Monday, September 20, 2010

Anti-Wrestling Movement in MMA Just a Case of Good Ole' British Haterade?

Jordan Breen, one of MMA's most popular journalists, tackles the controversy surrounding wrestling in mixed martial arts. As of late, the issue of "boring," "lay-and-pray" wrestlers has become a hot, controversial topic. Breen directs particular attention to four fighters in his argument: Michael Bisping, Dan Hardy, Paul Daley, and Cole Miller. Of the four, Bisping, Hardy, and Daley all fly the English flag, and all three have presented themselves as chief proponents of the anti-wrestling movement, which drives me to question their true intention -- to push for reconsideration in the judging of wrestling in mixed martial arts matches, or to hate on the strength of American wrestling that has fueled a successful generation of wrestlers-turned-mixed martial artists? All three British fighters are well known smack-talkers who have a tendancy to speak before they think. So, maybe we shouldn't be surprised by their complaints about wrestling fighters. Still, then again, as Mr. Breen also points out there is a problem with wrestling in MMA: "despite all of these complaints, there's still so many guys in MMA who can't wrestle" -- the aforementioned being prime examples.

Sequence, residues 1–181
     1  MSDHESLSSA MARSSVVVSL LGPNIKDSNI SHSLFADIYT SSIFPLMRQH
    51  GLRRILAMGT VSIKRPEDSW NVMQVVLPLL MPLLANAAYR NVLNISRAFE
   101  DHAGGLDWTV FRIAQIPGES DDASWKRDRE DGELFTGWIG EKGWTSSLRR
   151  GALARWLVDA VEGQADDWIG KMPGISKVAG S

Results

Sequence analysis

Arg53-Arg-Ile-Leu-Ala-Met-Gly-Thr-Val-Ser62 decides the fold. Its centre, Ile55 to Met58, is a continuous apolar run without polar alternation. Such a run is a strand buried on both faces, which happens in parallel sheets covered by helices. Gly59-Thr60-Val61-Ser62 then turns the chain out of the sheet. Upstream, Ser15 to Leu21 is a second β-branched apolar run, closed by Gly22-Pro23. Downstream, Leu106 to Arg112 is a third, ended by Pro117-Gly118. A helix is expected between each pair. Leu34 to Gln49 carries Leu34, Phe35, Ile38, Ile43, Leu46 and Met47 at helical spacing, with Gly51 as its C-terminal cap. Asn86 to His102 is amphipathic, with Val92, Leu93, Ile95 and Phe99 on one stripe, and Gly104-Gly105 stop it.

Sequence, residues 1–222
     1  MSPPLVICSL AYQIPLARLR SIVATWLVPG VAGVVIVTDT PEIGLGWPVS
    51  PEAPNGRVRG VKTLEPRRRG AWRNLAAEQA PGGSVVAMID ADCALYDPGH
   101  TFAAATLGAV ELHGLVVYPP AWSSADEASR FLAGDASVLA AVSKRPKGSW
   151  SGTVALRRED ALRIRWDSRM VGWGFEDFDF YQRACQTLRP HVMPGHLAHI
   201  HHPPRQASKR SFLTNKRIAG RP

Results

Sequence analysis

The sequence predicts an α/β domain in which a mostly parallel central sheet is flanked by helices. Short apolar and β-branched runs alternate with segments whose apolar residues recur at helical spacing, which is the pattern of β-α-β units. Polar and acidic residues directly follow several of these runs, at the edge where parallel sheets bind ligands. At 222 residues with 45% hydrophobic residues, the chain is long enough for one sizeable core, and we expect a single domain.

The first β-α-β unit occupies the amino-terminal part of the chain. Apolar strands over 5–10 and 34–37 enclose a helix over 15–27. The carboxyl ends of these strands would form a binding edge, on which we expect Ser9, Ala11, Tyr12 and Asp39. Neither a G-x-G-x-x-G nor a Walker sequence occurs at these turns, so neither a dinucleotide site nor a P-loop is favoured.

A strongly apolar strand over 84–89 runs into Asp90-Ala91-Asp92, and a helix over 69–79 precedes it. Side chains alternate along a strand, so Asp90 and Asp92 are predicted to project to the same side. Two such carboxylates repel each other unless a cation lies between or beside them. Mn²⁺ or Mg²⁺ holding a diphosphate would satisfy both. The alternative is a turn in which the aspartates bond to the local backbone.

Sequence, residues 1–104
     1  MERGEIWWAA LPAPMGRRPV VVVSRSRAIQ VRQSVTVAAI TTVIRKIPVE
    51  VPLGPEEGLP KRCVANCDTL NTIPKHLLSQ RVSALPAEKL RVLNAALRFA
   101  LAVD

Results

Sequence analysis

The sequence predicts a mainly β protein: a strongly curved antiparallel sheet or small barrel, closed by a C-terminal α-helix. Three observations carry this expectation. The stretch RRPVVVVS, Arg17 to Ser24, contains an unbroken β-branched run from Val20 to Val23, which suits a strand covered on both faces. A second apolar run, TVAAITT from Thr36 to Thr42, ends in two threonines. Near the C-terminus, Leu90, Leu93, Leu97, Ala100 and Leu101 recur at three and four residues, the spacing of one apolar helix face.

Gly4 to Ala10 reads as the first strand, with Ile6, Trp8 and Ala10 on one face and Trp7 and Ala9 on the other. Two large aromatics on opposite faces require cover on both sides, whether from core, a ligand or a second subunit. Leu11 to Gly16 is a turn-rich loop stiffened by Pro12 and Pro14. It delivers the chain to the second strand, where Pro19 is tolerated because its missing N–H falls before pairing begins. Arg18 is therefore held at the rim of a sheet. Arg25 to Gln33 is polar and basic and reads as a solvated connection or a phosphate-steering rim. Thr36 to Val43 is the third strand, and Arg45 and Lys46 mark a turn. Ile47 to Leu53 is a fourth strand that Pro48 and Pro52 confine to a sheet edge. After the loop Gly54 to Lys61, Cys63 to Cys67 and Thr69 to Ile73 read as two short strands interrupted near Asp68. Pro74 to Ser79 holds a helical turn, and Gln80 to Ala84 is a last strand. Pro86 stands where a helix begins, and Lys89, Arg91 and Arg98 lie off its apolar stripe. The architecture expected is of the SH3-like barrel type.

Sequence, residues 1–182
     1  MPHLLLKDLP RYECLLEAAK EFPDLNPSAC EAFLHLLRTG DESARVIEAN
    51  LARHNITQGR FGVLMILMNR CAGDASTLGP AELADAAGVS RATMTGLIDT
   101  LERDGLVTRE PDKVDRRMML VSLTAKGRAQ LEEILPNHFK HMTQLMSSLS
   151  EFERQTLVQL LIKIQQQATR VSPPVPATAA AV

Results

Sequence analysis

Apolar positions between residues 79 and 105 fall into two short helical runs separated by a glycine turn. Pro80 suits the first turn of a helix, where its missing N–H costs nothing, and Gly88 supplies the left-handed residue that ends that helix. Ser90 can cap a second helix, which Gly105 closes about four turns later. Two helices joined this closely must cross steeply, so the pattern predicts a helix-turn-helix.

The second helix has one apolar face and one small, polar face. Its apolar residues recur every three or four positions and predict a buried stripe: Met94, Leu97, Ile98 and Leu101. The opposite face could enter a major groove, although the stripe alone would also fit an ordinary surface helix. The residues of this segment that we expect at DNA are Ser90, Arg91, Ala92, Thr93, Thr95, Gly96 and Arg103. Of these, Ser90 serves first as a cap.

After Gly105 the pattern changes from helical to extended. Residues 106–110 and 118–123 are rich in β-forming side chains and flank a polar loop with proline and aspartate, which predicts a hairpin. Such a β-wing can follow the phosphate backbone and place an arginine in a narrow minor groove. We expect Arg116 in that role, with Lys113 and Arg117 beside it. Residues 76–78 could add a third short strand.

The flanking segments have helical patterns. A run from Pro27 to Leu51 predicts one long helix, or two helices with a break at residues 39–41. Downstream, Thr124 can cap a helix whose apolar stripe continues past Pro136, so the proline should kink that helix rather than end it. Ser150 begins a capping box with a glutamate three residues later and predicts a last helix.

My point is this: there's a reason the sport is called "mixed" martial arts. Both wrestling and striking have a place in the sport, and both should be respected as such. So, if any person desires to take on the sport of "mixed" martial arts, they should be willing to embrace any and all aspects of the sport. My objective is not necessarily to pick on my British comrades (although I enjoy doing it), but to appeal to the open minded fighters and fans who appreciate every element of our beloved sport enough to defend it, even before its own practicioneers if necessary.

And so, the MMA Tea Party begins...

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